Help Keep Bigger Trucks Off Our Roadways
Cindy Mills is California regional director of the Coalition Against Bigger Trucks (CABT) and can be reached at email@example.com.
Special interests in Washington, D.C., have pushed for years to make longer and heavier tractor-trailers legal. While trucks play a vital role in our state’s economy, state and local leaders know that bigger trucks would cause additional damage to our roads and bridges and make our highways more dangerous. We need your help to prevent bigger trucks from operating in California.
Industry Pushes for Bigger, Heavier Trucks
Several bills debated in Congress in 2015 would have increased the size and weight of trucks. One bill would have increased the national truck weight limit from 80,000 pounds to 91,000 pounds, and other legislation called for longer double-trailer trucks, called “Double 33s.” Members of Congress listened to their constituents, who opposed this legislation, and rejected both bills.
Proponents of bigger trucks, however, show no signs of backing down. Bigger-truck proponents are lobbying for longer double-trailer trucks – 91 feet in length – as well as heavier trucks again this year. FedEx CEO Fred Smith testified in support of Double 33s at a February 2017 hearing conducted by the House Transportation and Infrastructure Committee. These trucks would increase profit margins for his company at the expense of highway safety.
Increasing Highway Safety Concerns
A 2015 U.S. Department of Transportation (USDOT) report delivered to Congress in early 2016 recommended that Congress not approve heavier or longer trucks. According to USDOT, Double 33s need 252 feet to stop — 22 feet farther than the stopping distance of double-trailer trucks on the road today. To make matters worse, USDOT also found that double-trailer trucks have 58 percent higher out-of-service violation rates than single-trailer trucks. This is a critical finding because an Insurance Institute for Highway Safety (IIHS) study published in 2016 found that a truck with any out-of-service violation is 362 percent more likely to be involved in a crash. (Vehicle safety inspectors and other law enforcement officials use the out-of-service criteria, which define certain conditions that pose an imminent hazard to safety, to order the driver and/or the commercial motor vehicle out of service. An out-of-service violation removes the driver and vehicle from the roadway until the violation is corrected.)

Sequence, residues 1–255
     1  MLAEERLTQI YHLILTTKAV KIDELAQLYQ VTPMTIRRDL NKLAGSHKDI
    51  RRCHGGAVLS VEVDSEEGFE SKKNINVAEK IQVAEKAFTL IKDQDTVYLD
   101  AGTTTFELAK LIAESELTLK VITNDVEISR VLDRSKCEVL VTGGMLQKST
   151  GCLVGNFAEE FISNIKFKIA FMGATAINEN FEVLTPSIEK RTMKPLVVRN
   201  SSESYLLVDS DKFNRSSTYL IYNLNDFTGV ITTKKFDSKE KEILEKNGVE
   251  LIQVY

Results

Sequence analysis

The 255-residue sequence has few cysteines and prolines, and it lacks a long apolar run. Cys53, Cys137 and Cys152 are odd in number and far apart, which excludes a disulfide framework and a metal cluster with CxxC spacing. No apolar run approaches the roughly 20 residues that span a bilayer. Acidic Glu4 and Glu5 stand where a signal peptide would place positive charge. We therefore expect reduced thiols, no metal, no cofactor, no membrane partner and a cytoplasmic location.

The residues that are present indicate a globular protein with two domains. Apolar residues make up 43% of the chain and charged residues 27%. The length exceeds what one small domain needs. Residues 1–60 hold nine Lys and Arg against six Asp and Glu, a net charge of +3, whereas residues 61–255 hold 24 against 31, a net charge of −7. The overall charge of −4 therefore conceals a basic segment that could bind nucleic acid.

Heavier trucks tend to have a higher center of gravity because the additional weight is typically stacked vertically. Raising the center of gravity increases the risk of rollovers. Triple-trailer trucks are more likely to experience trailer sway and the “crack-the-whip” effect.
Damage to Bridges and Other Infrastructure
According to USDOT, heavier and longer trucks would have negative impacts on infrastructure. Increasing truck weight limits to 91,000 pounds would adversely affect more than 4,800 bridges and incur up to $1.1 billion in additional federal investment. Furthermore, proposed 97,000-pound trucks would negatively affect over 6,200 bridges, incurring up to $2.2 billion in additional funding.
USDOT found that longer double-trailer trucks would require nearly 2,500 interstate and other National Highway System bridges to be posted with weight limits or face further damage, costing up to $1.1 billion in immediate bridge strengthening or reinforcement.
Express Your Opposition
Please write or call your U.S. senators and your U.S. representative and tell them you oppose bigger tractor-trailers on California highways. Copies of the League’s letter of opposition as well as a sample letter are available on the League website at www.cacities.org/Policy-Advocacy/Federal-Priorities-and-Issues under “2017 Federal Letters and Background Papers.” For additional information, contact Cindy Mills, California regional director for the Coalition Against Bigger Trucks (CABT), at firstname.lastname@example.org or visit the CABT website at www.cabt.org.